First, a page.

seed saving banned?

View the update to this post here.

Here’s a bit of political unpleasantness I read about in a seed description in the Baker Creek Heirloom Seeds catalog listing for the Iraqi tomato variety, Rouge D’Irak:

Saving seeds was made illegal under the “Colonial Powers” of the United States. Under the new law, Iraqi farmers must only plant seeds from “protected varieties” from international corporations.

First Hiliburton, then Blackwater, and now monster agribusiness taking advantage of the war. I wish I was surprised.

The Baker Creek online catalog actually lists five different plants of Iraqi origin, in case you’d like to help preserve varieties that Iraqi farmers now can’t legally grow from their own seeds: four tomatoes, Tatar of Mongolistan, Rouge D’Irak, Al-Kuffa, and Nineveh; along with a melon, Baghdad Long. Aren’t you heirloom tomato specialists looking for new varieties to try? How about these plants with an amazing contemporary history?

Doing some quick research on this I ran across a posting over at The Alchemist’s Garden that’s great reading. Take a look!

4 thoughts on “seed saving banned?”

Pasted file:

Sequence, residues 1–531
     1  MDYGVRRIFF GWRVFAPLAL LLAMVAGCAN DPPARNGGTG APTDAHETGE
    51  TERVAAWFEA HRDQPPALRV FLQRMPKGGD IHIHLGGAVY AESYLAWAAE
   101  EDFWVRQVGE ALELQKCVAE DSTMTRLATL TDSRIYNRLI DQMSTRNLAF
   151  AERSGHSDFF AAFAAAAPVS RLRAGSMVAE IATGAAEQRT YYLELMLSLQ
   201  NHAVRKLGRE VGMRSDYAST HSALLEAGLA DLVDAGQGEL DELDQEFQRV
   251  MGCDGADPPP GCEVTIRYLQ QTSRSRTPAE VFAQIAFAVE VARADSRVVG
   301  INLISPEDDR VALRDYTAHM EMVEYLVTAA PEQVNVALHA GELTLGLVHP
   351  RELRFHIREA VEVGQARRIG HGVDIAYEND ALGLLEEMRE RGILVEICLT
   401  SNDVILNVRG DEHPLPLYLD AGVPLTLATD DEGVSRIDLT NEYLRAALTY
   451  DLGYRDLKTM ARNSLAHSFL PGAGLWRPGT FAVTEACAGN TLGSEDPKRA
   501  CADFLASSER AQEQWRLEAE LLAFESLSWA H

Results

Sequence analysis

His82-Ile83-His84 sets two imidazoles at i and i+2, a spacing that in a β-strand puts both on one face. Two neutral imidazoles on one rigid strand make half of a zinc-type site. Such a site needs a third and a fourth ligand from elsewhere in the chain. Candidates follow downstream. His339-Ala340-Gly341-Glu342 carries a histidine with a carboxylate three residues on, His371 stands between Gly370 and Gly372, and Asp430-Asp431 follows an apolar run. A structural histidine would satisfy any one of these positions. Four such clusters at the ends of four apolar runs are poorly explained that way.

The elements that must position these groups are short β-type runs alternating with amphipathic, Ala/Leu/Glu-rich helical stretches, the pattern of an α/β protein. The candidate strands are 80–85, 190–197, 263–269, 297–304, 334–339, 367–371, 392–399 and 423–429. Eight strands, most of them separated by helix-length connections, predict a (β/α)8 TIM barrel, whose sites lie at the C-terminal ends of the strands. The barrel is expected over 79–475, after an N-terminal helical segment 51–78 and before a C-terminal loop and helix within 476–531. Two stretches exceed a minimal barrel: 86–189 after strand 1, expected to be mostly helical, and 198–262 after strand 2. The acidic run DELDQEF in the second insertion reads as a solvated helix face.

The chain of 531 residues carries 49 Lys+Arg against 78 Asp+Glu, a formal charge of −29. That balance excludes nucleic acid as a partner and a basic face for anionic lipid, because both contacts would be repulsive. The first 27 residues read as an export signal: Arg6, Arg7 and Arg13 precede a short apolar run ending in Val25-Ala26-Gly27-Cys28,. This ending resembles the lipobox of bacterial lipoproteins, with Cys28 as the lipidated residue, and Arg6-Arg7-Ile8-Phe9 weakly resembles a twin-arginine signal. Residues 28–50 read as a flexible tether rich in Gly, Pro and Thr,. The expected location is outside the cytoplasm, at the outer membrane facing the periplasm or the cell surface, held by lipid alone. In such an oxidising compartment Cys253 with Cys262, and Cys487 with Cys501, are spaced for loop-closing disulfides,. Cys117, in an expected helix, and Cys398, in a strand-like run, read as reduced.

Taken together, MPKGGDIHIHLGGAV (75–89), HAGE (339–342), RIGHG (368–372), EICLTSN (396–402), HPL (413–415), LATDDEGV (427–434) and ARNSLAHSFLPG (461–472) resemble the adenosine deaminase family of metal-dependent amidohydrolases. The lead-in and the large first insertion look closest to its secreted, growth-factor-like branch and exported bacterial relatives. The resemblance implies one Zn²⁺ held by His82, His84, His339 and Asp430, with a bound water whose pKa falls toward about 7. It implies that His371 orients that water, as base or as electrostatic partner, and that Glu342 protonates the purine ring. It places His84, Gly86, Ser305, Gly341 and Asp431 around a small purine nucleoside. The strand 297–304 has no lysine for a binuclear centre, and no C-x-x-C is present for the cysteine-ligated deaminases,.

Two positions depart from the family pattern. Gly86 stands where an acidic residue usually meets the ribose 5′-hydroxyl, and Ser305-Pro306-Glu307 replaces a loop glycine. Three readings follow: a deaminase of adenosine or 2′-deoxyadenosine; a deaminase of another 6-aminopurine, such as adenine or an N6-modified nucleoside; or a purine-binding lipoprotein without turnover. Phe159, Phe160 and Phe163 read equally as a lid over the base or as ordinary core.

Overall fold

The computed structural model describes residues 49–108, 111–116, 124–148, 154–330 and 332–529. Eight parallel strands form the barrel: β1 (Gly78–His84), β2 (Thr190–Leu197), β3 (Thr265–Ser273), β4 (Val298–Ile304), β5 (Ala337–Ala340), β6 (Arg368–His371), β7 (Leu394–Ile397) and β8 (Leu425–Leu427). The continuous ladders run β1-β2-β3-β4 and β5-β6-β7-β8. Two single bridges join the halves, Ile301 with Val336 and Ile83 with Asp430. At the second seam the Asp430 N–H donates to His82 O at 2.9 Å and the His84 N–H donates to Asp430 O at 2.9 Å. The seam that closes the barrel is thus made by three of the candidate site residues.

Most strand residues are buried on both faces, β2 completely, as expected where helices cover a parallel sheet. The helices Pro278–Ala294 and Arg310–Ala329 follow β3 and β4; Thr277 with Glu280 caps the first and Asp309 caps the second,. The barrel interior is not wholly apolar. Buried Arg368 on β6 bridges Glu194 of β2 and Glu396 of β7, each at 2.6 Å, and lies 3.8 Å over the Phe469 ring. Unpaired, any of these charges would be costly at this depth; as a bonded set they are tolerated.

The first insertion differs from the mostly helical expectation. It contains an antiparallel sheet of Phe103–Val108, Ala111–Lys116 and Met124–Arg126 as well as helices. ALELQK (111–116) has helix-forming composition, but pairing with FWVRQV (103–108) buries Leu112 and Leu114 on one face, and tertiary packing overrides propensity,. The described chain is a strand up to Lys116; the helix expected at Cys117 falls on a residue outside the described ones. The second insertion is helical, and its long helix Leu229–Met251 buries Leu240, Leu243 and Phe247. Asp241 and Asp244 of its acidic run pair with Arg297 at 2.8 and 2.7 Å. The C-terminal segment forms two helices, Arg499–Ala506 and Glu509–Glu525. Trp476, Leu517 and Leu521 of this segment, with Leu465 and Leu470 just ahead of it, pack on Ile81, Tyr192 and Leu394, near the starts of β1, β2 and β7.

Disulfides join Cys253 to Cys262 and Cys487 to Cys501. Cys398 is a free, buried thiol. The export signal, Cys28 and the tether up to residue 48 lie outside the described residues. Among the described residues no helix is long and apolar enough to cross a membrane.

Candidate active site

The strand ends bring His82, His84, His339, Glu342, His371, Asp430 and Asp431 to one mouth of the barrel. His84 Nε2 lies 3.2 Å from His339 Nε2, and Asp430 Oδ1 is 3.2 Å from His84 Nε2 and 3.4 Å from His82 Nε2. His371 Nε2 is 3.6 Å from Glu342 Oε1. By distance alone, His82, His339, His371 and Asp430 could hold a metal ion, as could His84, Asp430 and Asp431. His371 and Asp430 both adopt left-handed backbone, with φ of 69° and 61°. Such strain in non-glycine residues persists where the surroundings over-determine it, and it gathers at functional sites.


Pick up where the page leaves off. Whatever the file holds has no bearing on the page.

1. I think it’s all about business. According to the November 15, 2004 issue of The Agribusiness Examiner: “The seeds farmers are now allowed to plant — “protected” crop varieties
    brought into Iraq by transnational corporations in the name of agricultural
    reconstruction — will be the property of the corporations. While
    historically the Iraqi constitution prohibited private ownership of biological resources, the new U.S.-imposed patent law introduces a system of monopoly rights over seeds…The new law is presented as being necessary to ensure the supply of good
    quality seeds in Iraq and to facilitate Iraq’s accession to the WTO. What it
    will actually do is facilitate the penetration of Iraqi agriculture by the
    likes of Monsanto, Syngenta, Bayer and Dow Chemical — the corporate giants
    that control seed trade across the globe.” Reprinted at the Organic Consumers Association (

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